But isn't a lot of this just common sense?

You would think so, but not always. It kind of depends on the person. I see people doing dangerous things all the time -- darting into the street, making unsafe lane changes. And then there are the cars swerving into the bike lanes.

People talk to me about driving their bikes and they're like "don't you just look for cars and squeeze in where you can?" There's a lot more to it. And it's very empowering to know how to do things correctly. I took a class several years ago when I started riding with my daughter. There are about five of us now that teach in the Capital Region.

So what exactly do you teach?

I always start with bike safety -- doing safety checks and how to change tires, how to do hand signals and scan over your shoulder so you can change lanes, safe gear shifting and changing lanes, how to communicate with cars around you, bike maintenance and city navigation. A lot of novices are just learning how to use their bikes -- how to use gears to climb a hill, emergency stops and turns, how to dodge objects in your path.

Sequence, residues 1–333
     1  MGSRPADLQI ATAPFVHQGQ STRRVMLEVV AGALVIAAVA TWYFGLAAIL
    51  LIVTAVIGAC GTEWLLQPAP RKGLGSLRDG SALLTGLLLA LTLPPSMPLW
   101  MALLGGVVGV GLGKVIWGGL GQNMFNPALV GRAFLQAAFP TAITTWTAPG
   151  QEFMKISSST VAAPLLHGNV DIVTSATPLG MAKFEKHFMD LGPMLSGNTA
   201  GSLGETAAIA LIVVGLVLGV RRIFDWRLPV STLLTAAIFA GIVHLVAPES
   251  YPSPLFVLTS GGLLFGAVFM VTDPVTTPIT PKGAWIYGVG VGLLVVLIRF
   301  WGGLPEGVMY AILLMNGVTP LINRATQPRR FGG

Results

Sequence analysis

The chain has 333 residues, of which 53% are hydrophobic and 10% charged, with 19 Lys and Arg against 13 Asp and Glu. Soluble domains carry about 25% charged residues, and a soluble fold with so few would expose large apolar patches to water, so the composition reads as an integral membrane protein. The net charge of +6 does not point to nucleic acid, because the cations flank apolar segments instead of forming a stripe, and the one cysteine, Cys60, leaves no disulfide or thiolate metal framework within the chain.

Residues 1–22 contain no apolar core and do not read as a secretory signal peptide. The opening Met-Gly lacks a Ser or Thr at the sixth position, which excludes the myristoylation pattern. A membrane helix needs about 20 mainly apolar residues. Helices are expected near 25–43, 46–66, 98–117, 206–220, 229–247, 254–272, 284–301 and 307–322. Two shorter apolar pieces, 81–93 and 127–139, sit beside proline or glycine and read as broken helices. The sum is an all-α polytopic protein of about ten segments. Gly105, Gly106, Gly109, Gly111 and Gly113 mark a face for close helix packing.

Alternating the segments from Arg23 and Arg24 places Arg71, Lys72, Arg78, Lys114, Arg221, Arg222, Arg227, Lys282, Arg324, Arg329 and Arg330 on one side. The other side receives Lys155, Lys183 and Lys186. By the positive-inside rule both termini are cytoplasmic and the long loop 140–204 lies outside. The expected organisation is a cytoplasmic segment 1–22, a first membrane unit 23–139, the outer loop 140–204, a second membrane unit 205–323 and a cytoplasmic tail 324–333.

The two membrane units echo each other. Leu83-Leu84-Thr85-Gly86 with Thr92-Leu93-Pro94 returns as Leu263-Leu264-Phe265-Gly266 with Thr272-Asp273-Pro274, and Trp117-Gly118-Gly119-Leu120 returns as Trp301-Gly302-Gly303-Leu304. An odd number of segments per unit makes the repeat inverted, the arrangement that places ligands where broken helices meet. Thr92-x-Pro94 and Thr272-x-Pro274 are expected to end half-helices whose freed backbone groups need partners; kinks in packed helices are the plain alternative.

I also teach kids and I've offered my class to schools that teach drivers' ed, so that motorists can learn how to safely share the road with cyclists.

What are the biggest mistakes you see Capital Region cyclists make?

Riding on the wrong side of the street is one. Always ride on the right with the flow of traffic. A lot of us were taught that you should ride facing traffic and some people do it because they don't know how to cross a street. Also, adults riding on the sidewalk. Legally you can't ride on sidewalk after you're 12 years old.